Not until the epidemic of gun violence in the City of Chicago stretches into its suburbs will policy makers be forced to reform gun laws.
The political will of city lawmakers is not lacking for gun control. Laws have been on the books for years, and new laws are promulgated regularly. In 2009, the city passed a law banning assault rifles. In 2010, the city passed an ordinance that banned gun shops in the city. Even the NRA believes the city has strong gun control laws.
What is more, background checks for purchasing guns in the state have been on the books for years and are the norm. The problem, according to Sarah Emmons, a researcher at the University of Chicago’s Chicago Crime Lab, stems from disparate gun laws just a few miles from the city, particularly across the state line. “You can be in the city of Chicago and be closer to a gun show in Indiana than you are to downtown,” Emmons said. “Having such dramatically different regulations in such close proximity makes it really, really easy for folks [to bring illegal guns into Chicago].”
A 2015 study by the institute estimated that only 11 percent of crime guns recovered in Chicago were purchased from federally licensed vendors, which require background checks, and that many were passed or sold through social networks. They cited straw purchases — where one person buys a gun for a person who cannot legally purchase one — as a major contributor to the city’s underground gun market.
According to a 2014 report from the Chicago Police Department, between 2009 and 2013, almost 60 percent of guns used to commit crimes in Chicago were first purchased outside of Illinois. Each state in the country contributed at least one gun used in a Chicago crime. — nearly 20 percent came from Indiana, the second-highest state after Illinois.
Recent statistics are staggering. By the end of a violent Labor Day weekend this year, Chicago had reached a grim milestone, recording more homicides through the holiday than the city experienced during all of last year. Michael Pfleger, one of the city’s most outspoken and visible anti-gun activists and a pastor at Saint Sabina Church, likens the killings to a natural disaster. “We have a flood and fire and earthquake of violence and blood on our streets,” he said.
Perhaps epidemiology is a more apropos place to find a metaphor for the problem. A natural disaster has an abrupt end. A disease festers and often kills.
The city of Chicago has demonstrably shown it wants, but cannot keep, guns off its streets. Politically, however, it has little influence. Statewide, there is insufficient support for more laws, in part because Illinois ranks in the lower fifth of states for gun deaths.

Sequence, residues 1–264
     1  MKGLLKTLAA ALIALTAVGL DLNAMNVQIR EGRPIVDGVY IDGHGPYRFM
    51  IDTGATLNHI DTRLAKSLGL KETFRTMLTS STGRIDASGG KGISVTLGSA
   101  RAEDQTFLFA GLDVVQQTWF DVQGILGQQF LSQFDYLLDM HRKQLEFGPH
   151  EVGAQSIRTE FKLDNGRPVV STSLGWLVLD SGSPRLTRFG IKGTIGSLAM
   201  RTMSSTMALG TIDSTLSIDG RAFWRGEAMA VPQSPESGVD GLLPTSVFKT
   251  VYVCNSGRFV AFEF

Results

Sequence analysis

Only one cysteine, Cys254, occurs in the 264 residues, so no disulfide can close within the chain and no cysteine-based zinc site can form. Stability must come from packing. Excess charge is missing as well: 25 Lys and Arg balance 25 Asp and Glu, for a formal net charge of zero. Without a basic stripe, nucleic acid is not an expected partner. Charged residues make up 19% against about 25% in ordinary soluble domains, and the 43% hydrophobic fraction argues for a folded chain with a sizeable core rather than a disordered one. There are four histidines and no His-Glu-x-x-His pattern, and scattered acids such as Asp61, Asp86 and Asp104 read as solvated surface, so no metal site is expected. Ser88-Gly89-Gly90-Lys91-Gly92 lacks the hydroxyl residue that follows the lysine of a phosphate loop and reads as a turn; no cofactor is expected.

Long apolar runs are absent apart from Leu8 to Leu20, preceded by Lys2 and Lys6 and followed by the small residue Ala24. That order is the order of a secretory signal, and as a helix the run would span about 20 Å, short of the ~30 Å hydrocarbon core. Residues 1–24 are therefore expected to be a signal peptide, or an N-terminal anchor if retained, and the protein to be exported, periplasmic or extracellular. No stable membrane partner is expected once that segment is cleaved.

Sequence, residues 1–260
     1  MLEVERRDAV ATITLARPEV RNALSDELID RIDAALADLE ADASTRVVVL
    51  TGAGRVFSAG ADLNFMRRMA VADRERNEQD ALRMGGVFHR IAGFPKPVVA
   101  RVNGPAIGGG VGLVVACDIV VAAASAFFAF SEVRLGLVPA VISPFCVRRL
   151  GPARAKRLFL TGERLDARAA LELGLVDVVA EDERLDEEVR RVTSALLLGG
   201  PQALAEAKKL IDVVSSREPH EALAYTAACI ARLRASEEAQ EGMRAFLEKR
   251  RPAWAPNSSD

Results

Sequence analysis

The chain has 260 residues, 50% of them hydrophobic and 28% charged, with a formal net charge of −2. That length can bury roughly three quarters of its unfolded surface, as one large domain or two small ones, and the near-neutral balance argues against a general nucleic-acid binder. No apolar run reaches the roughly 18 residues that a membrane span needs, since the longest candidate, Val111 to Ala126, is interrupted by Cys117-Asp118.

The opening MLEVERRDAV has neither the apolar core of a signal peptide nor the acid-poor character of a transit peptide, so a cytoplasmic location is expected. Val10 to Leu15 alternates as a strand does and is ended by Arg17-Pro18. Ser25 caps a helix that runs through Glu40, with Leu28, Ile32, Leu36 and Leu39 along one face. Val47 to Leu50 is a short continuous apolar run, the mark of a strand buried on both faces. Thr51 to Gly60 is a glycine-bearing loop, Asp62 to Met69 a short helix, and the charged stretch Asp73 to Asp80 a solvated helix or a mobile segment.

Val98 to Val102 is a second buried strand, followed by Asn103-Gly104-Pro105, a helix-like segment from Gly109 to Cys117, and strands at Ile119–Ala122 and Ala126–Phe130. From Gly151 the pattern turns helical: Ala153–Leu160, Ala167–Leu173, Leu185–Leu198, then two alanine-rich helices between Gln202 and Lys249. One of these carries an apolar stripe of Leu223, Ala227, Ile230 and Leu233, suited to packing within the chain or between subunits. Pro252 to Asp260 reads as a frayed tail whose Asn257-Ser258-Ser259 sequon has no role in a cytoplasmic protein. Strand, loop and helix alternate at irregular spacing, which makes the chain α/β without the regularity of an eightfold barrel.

Not until gun violence reaches Chicago’s more affluent neighborhoods and suburbs will political support for tighter gun control find a footing. At present, the uneven distribution of gun violence across the city shows stark concentrations on the south and west side. But that may soon attenuate. An analysis by New World Wealth found that there was an outflow of 3,000 millionaires from the city in 2015. Filling this void will be households of more more modest means and a general depressing of incomes across the city. A negative correlation between gun violence and income has gone hand-in-hand.
The most tenable immediate solution to mitigate the violence is to lobby the State of Indiana to tighten its gun laws. This will be a challenge from the go, as Indiana has some of the most lax guns laws in the nation, having recently passed legislation making it legal to manufacture, sell or own a sawed-off shotgun. Moreover, addressing the problem of proximity of loose gun laws in Indiana will not affect the problem of guns arriving from other states.
A multi-state solution may be the most feasible route, but even this will require consensus in the Illinois legislature, which will need first to enlist suburban leaders and activists with Chicago’s anti-gun groups. The challenge will be one of interests: those 3,000 millionaires moved from the city to escape the problem, and may not necessarily feel compelled to address it. Neither is gun violence yet as pressing a problem in the suburbs. Short of waiting until the suburbs begin to see rising rates of gun use, something needs to be done, and consensus at the state level seems unlikely without the strength of Chicago’s populous suburbs.
It’s time the well-to-do offspring of modernity’s greatest city pay homage to its parent. Something needs to be done, and the City of Chicago hasn’t the ability to do it by itself. A suburban coalition needs to materialize to help city activists apply pressure at the state level to propose a bilateral gun law with Indiana, or better still, reach a multi-state solution to interstate gun traffic with Illinois’ Midwestern neighbors.